Scott Turow

Scott Turow is a writer and attorney. He is the author of nine best-selling works of fiction, including his first novel, Presumed Innocent (1987) and the sequel, Innocent, published by Grand Central Publishing in May, 2010.   He has also written two non-fiction books about his experiences in the law. Mr. Turow has been a partner in the Chicago office of SNR Denton, an international law firm, since 1986, concentrating on white collar criminal defense, while also devoting a substantial part of his time to pro bono matters.    He has served on a number of public bodies, including the Illinois Commission on Capital Punishment to recommend reforms to Illinois’ death penalty system, and was the first Chair of Illinois’ Executive Ethics Commission which was created in 2004 to regulate executive branch employees in the Illinois State government. He is also President of the Authors Guild, the nation’s largest membership organization of professional writers, and is currently a Trustee of Amherst College.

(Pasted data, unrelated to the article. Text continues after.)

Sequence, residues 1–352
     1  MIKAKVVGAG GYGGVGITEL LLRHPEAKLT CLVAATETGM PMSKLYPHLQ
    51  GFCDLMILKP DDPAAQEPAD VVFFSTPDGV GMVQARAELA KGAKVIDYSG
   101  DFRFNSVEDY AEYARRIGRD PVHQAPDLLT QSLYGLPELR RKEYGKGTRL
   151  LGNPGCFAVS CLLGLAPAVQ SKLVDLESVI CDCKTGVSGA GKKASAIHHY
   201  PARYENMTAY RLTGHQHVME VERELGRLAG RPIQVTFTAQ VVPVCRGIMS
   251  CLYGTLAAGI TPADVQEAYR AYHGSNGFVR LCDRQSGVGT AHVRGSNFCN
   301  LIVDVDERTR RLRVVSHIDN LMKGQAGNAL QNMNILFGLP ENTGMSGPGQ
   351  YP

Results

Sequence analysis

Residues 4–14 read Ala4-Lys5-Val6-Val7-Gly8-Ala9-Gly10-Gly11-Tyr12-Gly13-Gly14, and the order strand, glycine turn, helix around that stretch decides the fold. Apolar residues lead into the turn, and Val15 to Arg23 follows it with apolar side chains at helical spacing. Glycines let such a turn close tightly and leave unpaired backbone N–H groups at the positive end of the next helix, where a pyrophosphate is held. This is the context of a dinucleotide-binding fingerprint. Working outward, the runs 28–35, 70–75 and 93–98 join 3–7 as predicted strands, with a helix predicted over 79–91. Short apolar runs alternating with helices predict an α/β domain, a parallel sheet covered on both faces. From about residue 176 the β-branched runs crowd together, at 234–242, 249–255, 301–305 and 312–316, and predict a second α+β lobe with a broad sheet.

How To Write A Thriller

I never set out to be a writer of thrillers, and am perpetually surprised that I’m regarded as a success at it.   I think the secret is managing audience expectations, delivering surprises that are fairly anticipated in what’s been written, rather than pulled out of a hat, but which readers still didn’t see coming.

Lee Child

Lee Child was fired and on the dole when he hatched a harebrained scheme to write a bestselling novel, thus saving his family from ruin. Killing Floor went on to win worldwide acclaim.  The hero of his series, Jack Reacher, besides being fictional, is a kind-hearted soul who allows Lee lots of spare time for reading, listening to music, and the New York Yankees.